Onions, a culinary essential, are indispensable in any garden, known for their simplicity in cultivation, requiring neither extensive space nor specialized equipment. To cultivate onions successfully at home, all you need is suitable soil and a few specific steps.

Choosing the Onion Variety: Onions are available in three main varieties: white, yellow, and red or purple, each distinguished by its distinct taste. White onions are known for their robust and tangy flavor, while yellow onions tend to be sweeter. Red onions adapt well to both cooked and raw dishes. The choice of variety is influenced by taste preference and the regional climate, as certain varieties are better suited to specific temperature conditions. Additionally, the growth time varies, with short-day onions germinating in winter and suitable for southern regions, while long-day onions germinate in summer, thriving in northern climates.

Selecting the Planting Type: Onions can be planted either from seeds or bulbs. Planting by seed involves initial indoor cultivation, with subsequent transplantation outdoors. On the other hand, planting by bulbs is more robust and faster, making it suitable for home planting. Bulbs for transplantation are readily available from nurseries, requiring approximately four months for a harvest.

Choosing the Right Planting Location: The choice of planting soil is crucial for a bountiful harvest. Onions thrive in rich, light, and loose soil, particularly favoring peaty soil that is neither overly clayey nor sandy. Nutrient-rich soil is essential, with compost rich in phosphorus and potassium preferred over chemical fertilizers. The soil preparation should be done about a month in advance, ensuring it is sunny and well-drained.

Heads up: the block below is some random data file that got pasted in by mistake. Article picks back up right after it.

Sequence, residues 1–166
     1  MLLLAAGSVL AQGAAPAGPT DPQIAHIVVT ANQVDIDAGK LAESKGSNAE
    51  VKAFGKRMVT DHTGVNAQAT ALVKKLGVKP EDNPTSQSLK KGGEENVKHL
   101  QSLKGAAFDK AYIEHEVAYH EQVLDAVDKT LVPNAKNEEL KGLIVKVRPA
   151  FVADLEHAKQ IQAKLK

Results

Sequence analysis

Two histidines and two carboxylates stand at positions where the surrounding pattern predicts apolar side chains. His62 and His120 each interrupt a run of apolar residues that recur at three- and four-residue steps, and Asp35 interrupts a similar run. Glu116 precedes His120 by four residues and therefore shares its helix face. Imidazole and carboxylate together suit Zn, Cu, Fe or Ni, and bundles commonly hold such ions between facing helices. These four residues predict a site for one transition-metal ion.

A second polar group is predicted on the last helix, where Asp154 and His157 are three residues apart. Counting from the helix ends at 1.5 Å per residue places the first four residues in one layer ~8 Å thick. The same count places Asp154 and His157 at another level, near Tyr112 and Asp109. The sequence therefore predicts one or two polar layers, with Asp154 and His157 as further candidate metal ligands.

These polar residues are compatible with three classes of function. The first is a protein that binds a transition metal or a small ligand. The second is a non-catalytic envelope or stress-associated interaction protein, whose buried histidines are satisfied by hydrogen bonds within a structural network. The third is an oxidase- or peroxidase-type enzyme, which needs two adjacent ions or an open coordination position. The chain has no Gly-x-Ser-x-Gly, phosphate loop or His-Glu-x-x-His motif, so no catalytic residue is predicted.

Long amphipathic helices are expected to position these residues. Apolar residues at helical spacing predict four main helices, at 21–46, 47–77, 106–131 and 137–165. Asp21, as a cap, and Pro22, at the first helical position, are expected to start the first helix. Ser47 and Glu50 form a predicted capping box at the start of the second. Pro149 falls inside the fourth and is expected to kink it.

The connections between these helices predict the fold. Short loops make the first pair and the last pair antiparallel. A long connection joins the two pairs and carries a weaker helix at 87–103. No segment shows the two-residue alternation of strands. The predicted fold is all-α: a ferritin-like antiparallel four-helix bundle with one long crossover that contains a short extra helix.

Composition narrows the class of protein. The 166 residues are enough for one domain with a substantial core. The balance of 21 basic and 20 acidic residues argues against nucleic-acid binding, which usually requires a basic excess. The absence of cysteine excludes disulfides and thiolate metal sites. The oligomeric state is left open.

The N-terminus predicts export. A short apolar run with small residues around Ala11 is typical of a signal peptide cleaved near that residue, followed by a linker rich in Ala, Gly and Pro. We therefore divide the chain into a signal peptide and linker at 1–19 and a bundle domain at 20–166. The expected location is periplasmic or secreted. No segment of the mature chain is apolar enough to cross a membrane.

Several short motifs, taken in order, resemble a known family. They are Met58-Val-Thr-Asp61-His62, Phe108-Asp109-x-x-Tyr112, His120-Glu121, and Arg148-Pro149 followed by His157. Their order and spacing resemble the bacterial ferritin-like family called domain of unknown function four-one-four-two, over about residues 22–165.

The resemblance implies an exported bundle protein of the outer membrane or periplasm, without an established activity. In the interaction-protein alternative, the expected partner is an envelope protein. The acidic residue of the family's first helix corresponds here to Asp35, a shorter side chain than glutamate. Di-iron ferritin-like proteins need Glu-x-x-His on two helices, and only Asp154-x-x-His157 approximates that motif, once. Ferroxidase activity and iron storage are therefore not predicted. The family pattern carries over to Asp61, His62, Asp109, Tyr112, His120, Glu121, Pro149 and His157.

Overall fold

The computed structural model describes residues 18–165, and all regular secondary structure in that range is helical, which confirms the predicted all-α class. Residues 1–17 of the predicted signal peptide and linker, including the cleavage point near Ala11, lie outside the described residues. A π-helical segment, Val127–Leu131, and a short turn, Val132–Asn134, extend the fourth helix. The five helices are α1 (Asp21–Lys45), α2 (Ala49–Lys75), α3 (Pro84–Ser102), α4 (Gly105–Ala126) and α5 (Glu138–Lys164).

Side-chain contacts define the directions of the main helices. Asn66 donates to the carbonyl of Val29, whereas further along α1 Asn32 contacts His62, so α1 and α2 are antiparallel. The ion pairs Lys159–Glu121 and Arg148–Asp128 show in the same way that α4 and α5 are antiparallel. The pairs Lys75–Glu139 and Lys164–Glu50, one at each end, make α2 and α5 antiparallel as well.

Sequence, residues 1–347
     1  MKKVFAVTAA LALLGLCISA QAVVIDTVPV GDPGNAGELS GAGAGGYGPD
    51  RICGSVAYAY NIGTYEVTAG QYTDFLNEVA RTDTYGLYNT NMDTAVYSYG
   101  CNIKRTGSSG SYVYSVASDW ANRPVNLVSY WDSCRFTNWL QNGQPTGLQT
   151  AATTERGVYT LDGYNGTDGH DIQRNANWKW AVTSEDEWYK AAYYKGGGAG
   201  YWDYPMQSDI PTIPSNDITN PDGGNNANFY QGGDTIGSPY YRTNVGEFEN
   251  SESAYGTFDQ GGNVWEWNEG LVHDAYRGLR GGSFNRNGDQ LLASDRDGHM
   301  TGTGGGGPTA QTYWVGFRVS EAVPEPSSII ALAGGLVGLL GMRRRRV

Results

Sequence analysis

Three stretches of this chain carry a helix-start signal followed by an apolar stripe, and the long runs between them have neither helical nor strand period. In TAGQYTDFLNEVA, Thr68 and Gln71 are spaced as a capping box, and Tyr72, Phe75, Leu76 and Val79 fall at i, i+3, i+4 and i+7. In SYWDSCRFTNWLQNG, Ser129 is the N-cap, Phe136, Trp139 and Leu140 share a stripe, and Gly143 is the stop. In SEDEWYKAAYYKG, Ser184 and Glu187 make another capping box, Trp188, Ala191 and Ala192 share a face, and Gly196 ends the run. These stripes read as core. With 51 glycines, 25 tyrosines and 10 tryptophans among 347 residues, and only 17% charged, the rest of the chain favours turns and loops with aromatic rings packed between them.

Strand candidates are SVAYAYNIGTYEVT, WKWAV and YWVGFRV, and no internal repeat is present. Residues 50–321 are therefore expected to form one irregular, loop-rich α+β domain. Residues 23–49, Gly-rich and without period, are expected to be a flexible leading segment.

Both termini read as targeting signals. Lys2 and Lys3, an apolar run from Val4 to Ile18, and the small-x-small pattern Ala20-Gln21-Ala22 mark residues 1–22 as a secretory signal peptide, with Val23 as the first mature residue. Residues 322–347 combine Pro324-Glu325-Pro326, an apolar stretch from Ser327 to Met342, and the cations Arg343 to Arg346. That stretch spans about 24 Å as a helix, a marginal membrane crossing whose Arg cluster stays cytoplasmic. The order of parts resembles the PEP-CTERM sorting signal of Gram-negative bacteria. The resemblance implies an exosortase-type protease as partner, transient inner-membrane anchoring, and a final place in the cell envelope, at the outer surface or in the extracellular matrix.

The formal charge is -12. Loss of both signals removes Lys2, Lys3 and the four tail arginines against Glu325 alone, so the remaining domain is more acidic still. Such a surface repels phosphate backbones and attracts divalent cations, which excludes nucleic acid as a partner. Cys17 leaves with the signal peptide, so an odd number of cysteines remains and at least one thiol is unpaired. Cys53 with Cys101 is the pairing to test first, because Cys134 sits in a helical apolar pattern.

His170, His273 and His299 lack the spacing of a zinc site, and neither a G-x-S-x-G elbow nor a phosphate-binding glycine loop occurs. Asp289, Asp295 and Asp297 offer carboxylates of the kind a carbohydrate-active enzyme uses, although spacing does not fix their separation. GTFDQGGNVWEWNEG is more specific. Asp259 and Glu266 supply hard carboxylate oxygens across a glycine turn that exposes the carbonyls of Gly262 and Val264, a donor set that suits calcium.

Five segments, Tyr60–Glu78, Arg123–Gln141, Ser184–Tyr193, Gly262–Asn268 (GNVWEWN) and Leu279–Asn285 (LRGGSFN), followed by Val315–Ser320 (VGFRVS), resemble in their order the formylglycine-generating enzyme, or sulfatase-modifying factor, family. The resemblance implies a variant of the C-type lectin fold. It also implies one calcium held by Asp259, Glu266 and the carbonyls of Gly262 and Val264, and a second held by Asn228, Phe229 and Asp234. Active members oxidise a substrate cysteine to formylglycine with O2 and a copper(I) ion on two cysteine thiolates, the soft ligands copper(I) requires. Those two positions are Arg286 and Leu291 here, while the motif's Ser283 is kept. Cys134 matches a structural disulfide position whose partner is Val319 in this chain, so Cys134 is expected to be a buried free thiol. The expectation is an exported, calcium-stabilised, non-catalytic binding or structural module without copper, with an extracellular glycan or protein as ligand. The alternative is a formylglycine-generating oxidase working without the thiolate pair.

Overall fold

Determining the Optimal Planting Time: Onions can be planted in spring, at the end of summer, or in winter, with specific conditions for each period. Spring planting is ideal for bulbs, while end-of-summer planting accommodates both seeds and bulbs. Winter planting starts indoors, with transplantation occurring in spring. Regardless of the season, it’s recommended to plant onions during the waning moon.

Planting Onions: Rather than directly planting onions in the garden, it is advisable to prepare the bulbs by placing them in moist potting soil two weeks beforehand. After germination indoors, the bulbs can be planted in the previously prepared garden. Follow these steps:

  1. Make holes approximately three times the length of the bulb.
  2. Maintain spaces of 10 to 15 cm between plants and 40 cm between crop rows.
  3. Place the bulbs in the holes and cover them with soil.
  4. Finish planting with watering.

Maintaining the Plantation: Although onions are resilient, some maintenance is necessary, including light and regular watering, protection against infections and diseases (often achieved by planting radishes alongside onions), managing insects (using insecticidal soaps), and ensuring a stable temperature between 15 and 25°C. Hoeing is recommended for weed removal, preserving bulb integrity. Proper companion planting with carrots, strawberries, tomatoes, lettuce, cucumbers, and beets is advised, while avoiding legumes like peas or beans.

Harvesting Onions: Onions are ripe when their tops turn slightly golden yellow. Harvest by pulling them from the earth, then dry them in the sun for one or two days. Move them indoors and store them in a dry, screened storage bin. Harvesting typically occurs after four months, but the duration varies based on onion variety and cultivation method.

 

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